Back to Blog

Why It's Critical to Prepare for M&A from Day One

    
group of professionals in business meeting

In March of this year, we hosted the webinar “Start with the Exit in Mind: Building M&A Value from Startup to Exit,” helping small businesses make the most of their opportunities in mergers and acquisitions. During the webinar, it was mentioned that knowing how you want to exit is almost as important as knowing how you want your business to operate.

Preparing for your exit early doesn’t mean that you’ll necessarily make an early exit—it means that you’ll be ready for an M&A deal whenever it arrives. In this article, we’ll discuss 3 reasons why you should get a jump on the M&A planning process as soon as possible.

1. The Odds are Against You

You might assume that in the early stages of your startup, it’s better to go full speed ahead on growing your business, without spending too much time on strategic planning. After all, if you build a great company and solve your customers’ problems, M&A opportunities will naturally follow, right?

The answer is yes and no. Whether you’ve just launched your business or you’re almost ready to sell it, M&A must be a crucial consideration. This is largely because of one pivotal fact: only 16 percent of startups are ever acquired.

Of the rest, only 3 percent of startups ever reach an IPO. The remainder—a full 80 percent—never get off the ground, struggling to attract the capital and talent they need. What’s more, 60 percent of startups have already been acquired by their Series A funding round, while 80 percent have been acquired by Series B.

Although it might seem counterintuitive or unnatural, it’s more important than ever to plan out how you want to make your exit, with the odds already stacked against you from the get-go. It will be much easier for you to engage in M&A discussions if you’ve already made arrangements for this process early on, rather than having to radically adjust your operations when the time comes.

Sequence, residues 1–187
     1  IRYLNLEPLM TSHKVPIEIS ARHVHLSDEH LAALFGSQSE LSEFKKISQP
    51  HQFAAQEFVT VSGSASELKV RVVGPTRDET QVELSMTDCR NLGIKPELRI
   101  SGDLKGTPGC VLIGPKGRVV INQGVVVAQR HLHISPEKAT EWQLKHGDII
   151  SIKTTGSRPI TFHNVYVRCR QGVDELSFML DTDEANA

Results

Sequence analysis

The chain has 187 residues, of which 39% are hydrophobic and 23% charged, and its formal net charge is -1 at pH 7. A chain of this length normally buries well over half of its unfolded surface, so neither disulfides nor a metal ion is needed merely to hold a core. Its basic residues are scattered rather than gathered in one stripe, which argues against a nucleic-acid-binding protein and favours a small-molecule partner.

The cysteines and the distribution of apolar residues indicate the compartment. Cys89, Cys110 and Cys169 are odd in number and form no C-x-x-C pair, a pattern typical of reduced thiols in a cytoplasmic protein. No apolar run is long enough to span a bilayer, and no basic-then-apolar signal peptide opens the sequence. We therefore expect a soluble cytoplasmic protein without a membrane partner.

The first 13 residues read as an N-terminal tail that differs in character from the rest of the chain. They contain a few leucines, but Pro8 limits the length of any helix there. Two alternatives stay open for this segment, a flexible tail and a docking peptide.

2. You Might Not Know What You’re Doing

If you’re lucky, you’ll get a seat at the M&A bargaining table—but what happens after that? Sitting across from you will be various executives, financial professionals, and legal experts who handle M&A topics for a living on a daily basis. Meanwhile, this may be your first experience running a business, let alone selling one off.

With only 1 in 6 startups getting acquired, as discussed above, it’s highly unusual for startup founders to have the upper hand in negotiations. After all, promising startup investments come around at regular intervals for buyers, while founders may only have a single shot at making it big.

Even the bankers and agents who are advising you don’t necessarily have your best interests in mind. Like real estate agents who want to earn their commission, investment banks are often motivated by the fees that they’ll receive when the M&A deal closes. In addition, banks see startup buyers as a more promising long-term partner than startup founders, who may only ever sell a single business.

As a result of these complications, startup founders need to understand their potential M&A “customers” just as well as they understand the customers who purchase their products and services. Figure out how to appeal to your potential buyers, and make the business case that the acquisition will bring the buyer value in terms of new customers or added revenue.

3. You Have a Lot of Things to Prepare

Potential buyers want transparency into your business from top to bottom. Being unable to provide this transparency—in the form of a clear, well-organized portfolio—is an all-too-common dealbreaker.

Assembling all these documents will be challenging and time-consuming, so it’s best to get started as soon as possible. The contents of your portfolio should include (but are not limited to) documents such as:

  • Organizational charts

  • Business plans

  • Employee records

  • Quarterly and annual financial statements

  • Corporate tax returns

  • Capitalization tables

  • Signed board minutes

  • Lists of shareholders

  • Supplier agreements

  • Licenses and approvals

  • Proof of intellectual property ownership (such as patents, copyrights, and trademarks)

  • Confidentiality agreements

  • Any pending litigation

Practicing good corporate hygiene is an essential part of M&A. Tools such as virtual data rooms make it dramatically easier to securely store and share the documents that you need for the M&A process.

Sign up for your free trial of SecureDocs.